Sunday, July 31, 2011


I love Cake Wrecks.
It's just a phenomenal blog- it's basically a realization of a cake-fanatic's craziest dreams and/or nightmares.
And I also love Threadless.
So I found the series of posts about the Threadcakes competition completely sublime.

And then I found these incredible time lapse videos detailing the creation of a couple of the Threadcakes entries. Definitely mind-blowing.

Wednesday, July 27, 2011

Countin' Up the Minutes

The Art to Living Well is to enjoy all the random little beautiful happenstances that break up the monotony of quotidian life. We accomplish this in two simple steps:
A) taking the time to notice the little beauties. And then
B) celebrating them.
For example:
  • The bag of bagels that I picked up for my dad looked like the Sorting Hat.
  • Walking by the mailbox, I looked down and saw at the base of the box a little Star Wars action figure vehicle. My sources (Wookiepedia-love it.) tell me it's an A5 Juggernaut. Cool. You lean something new everyday, I guess. (???????)
  • Boated on the Mississippi last night, and watching the rippling whirlpools and the swirling eddies formed by the current was so amazing. Water is phenomenal stuff.
  • I was driving my mom to the doctor's office, and said on a whim I: "I think I'd like to be a large cat-like a lioness." Not even missing a beat, my mom responded: "I'd be an eagle." Then we continued to discuss the benefits or drawbacks of being an animal that could fly. My mom is awesome.
  • I dropped some books off for a friend yesterday, and her mother and her mom's mother were sitting outside the house, just chatting away, sipping coffee and enjoying the beautiful summer morning. As I drove up, I realized that I can't wait for the day when my mom and I sit out on my front porch and just sit there visiting, gossiping, and drinking our coffee in teacups. le sigh
  • The look that babies give you when they're deciding whether to smile at you or not. They have this moment of hesitation when they have to process what they see. And then they decide what to do about it. And then their ecstatic little toothless grin lights up their face like the dawn. Polar ice caps would melt at such a sight.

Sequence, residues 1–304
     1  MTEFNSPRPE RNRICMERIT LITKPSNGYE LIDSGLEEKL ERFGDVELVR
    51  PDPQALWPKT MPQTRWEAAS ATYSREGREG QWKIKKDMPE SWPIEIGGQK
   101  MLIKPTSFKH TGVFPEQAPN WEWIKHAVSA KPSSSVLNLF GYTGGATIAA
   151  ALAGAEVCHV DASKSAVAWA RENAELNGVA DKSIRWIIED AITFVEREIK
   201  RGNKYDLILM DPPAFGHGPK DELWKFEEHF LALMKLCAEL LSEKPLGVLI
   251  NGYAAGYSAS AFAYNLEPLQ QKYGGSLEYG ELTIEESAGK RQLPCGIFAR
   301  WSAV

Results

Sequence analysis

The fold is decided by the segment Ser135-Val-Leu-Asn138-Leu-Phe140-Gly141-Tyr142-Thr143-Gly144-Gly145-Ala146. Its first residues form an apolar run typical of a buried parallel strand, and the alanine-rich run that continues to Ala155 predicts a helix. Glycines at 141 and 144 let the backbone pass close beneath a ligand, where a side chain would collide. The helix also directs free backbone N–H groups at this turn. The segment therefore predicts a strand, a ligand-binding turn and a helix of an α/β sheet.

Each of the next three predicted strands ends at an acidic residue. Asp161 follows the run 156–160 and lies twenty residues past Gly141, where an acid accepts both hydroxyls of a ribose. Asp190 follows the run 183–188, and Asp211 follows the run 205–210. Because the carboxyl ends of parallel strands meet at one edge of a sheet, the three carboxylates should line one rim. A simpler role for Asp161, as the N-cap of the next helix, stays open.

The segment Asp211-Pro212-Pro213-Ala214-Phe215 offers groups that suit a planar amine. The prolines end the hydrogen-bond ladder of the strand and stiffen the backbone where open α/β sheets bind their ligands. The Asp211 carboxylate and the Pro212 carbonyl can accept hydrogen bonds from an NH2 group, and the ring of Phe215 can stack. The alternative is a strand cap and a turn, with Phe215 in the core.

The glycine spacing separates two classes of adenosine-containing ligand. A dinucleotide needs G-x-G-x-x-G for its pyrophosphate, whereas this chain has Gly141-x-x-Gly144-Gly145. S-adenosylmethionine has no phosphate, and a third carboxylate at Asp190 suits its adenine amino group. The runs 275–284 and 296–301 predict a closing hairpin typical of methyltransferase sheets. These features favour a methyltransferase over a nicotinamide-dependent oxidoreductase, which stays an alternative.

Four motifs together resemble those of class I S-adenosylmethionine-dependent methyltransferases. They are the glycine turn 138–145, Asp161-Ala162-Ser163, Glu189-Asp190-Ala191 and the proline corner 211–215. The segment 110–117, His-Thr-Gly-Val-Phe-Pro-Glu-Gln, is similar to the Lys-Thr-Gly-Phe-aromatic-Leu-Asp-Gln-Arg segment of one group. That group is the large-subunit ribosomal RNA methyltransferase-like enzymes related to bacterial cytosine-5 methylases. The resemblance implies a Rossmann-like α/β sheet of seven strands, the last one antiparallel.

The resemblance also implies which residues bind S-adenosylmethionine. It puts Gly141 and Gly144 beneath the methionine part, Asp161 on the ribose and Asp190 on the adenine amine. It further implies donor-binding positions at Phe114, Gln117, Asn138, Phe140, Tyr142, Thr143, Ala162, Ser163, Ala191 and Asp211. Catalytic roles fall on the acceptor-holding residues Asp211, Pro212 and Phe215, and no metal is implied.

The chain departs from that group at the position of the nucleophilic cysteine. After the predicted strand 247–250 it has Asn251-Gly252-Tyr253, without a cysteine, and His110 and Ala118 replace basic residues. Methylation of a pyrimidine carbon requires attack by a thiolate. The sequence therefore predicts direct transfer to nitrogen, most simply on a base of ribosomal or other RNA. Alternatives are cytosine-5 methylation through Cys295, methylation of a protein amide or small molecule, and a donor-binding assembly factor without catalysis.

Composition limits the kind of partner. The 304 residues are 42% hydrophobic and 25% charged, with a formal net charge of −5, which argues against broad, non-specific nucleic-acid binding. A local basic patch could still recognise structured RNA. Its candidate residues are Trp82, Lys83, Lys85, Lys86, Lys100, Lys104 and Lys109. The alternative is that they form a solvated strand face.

• Looking up Juicy Couture baby strollers with co-workers. Let me repeat that: Juicy Couture. Baby stroller. It's a steal! It can be yours for only $490.00!! (Please note: fur footmuff sold separately) This is why I desperately love working at the mall. Because I somehow find myself at looking up the price of a Juicy Couture stroller. Oh, and if your parents were too cheap to splurge on a Juicy Couture stroller for you, I hope they at least bought you a Boon Flair Pedestal High Chair with Pneumatic Lift. I mean there are necessities, and then there are necessities, folks.
  • And then, there's this. It's been consistently making my day one day at a time this week. :)

Sunday, July 24, 2011

Follow Thou Me

"Thou who are at home deep in my heart, help me to join you deep in my heart." --The Talmud

So I'm feeling happy. Really, really happy. There could be several reasons for this.

Tonight, in a fit of nostalgia, I demanded that we watch Swiss Family Robinson. I love that movie. It's just the best thing that ever happened to mankind. Watching it was like reliving my childhood-a childhood I spent happily recreating scenes from that movie (especially the infamous and beloved dance scene) and quoting every other line.

So maybe that's why.